In Salem, the center of the witch craze, we find references to certain neighborhoods as infected with witch craft—a telling line refers to 40 men in Andover who could conjure the devil. The actual location of the Salem witch’s sabbath was supposedly an orchard, where a perverse Eucharist took place. We’ve discussed Salem at length here, and expansion on them isn’t really needed.

One story of interest that is connected is the arrest of Reverend George Bourghs. The officers of the law, when pursuing him, decided to take an unfamiliar route so that they might take him off guard. However, when they settled into the forest to ambush him, a great and terrible storm came in. Convinced now that he was sending forth the powers of hell to overcome them, the officers panicked. After a particularly bad thunder bolt, all fell silent and terror seized the animals. Then the animals turned and fled, as if compelled and lashed by unseen hands. This was taken in as evidence that the Reverend was in fact guilty.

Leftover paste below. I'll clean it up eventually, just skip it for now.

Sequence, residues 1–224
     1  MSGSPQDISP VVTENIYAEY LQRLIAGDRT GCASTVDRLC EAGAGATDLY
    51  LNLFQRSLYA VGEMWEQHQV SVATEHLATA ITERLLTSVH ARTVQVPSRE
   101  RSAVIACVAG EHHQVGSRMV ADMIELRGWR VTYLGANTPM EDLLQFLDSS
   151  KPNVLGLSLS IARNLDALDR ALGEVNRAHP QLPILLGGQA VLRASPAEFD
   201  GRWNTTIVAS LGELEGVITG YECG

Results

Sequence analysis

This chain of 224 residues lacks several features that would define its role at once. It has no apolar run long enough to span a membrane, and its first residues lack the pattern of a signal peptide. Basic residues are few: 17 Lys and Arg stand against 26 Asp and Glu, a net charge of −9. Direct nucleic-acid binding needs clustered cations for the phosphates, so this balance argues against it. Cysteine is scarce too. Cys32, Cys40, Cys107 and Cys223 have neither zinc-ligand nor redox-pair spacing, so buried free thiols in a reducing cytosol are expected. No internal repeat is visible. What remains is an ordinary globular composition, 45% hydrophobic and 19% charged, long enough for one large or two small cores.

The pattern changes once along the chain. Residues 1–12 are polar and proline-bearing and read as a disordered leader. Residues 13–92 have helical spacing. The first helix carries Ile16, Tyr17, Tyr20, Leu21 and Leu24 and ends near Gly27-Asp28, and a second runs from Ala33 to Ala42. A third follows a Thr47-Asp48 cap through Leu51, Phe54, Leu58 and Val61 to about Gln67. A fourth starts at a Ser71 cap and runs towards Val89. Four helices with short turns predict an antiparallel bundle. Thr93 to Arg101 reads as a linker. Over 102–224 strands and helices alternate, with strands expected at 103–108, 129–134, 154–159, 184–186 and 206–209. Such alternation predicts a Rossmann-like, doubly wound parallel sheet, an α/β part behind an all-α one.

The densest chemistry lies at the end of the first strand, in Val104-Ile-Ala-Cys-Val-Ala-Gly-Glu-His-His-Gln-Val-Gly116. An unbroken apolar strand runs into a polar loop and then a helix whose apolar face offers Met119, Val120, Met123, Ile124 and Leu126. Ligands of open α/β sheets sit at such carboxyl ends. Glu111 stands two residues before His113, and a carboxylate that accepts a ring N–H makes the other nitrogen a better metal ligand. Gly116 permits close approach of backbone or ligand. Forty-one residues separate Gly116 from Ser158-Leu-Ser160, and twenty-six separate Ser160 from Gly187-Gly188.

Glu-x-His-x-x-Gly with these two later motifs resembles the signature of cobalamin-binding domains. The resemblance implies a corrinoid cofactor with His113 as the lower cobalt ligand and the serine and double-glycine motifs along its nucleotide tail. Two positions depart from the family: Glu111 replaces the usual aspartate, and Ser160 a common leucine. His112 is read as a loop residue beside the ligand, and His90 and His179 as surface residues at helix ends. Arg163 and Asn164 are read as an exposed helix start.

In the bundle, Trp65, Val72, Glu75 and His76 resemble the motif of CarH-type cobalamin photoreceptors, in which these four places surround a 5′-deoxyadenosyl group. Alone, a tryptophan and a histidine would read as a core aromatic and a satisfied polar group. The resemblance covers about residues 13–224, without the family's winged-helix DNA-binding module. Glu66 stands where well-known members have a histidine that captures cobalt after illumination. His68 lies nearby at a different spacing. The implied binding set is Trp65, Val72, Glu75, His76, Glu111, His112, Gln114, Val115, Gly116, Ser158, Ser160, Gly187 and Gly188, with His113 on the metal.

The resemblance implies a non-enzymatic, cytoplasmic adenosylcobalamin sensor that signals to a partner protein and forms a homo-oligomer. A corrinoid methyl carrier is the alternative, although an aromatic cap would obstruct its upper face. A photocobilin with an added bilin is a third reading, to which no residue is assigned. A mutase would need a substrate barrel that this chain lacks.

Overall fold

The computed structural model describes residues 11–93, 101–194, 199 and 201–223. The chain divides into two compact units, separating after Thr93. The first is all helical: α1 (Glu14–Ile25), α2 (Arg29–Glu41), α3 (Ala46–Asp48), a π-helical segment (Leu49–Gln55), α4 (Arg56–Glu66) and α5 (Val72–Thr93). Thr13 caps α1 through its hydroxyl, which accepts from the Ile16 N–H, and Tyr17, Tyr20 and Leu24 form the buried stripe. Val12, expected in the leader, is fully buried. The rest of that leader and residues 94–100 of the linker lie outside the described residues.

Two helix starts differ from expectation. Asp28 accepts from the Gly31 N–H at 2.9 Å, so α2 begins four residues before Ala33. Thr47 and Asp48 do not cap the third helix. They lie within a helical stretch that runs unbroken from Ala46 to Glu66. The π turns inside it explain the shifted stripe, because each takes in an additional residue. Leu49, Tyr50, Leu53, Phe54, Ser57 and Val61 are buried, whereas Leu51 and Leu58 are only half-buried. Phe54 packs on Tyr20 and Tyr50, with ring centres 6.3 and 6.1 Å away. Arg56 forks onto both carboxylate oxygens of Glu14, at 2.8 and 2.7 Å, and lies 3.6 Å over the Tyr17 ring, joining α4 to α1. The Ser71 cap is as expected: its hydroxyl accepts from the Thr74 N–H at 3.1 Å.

Moving away from Salem, a place of prominence is the Devil’s Den in Pennsylvania. This cavern has two entrances, kept open through winter and summer by the constant passage of wicked spirits. The interior is apparently opalescent above by torch light. Located near Gettysburg, the stones are believed to be haunted by the spirits of traitor and Union dead—sounds of the battle are still reported. Other folklore accounts claim that the sounds of skirmishes with Native Americans can be heard—although the proof of such a battle remains ambiguous. Still, the Devils Den in New Hampshire provide plenty of underworld guests.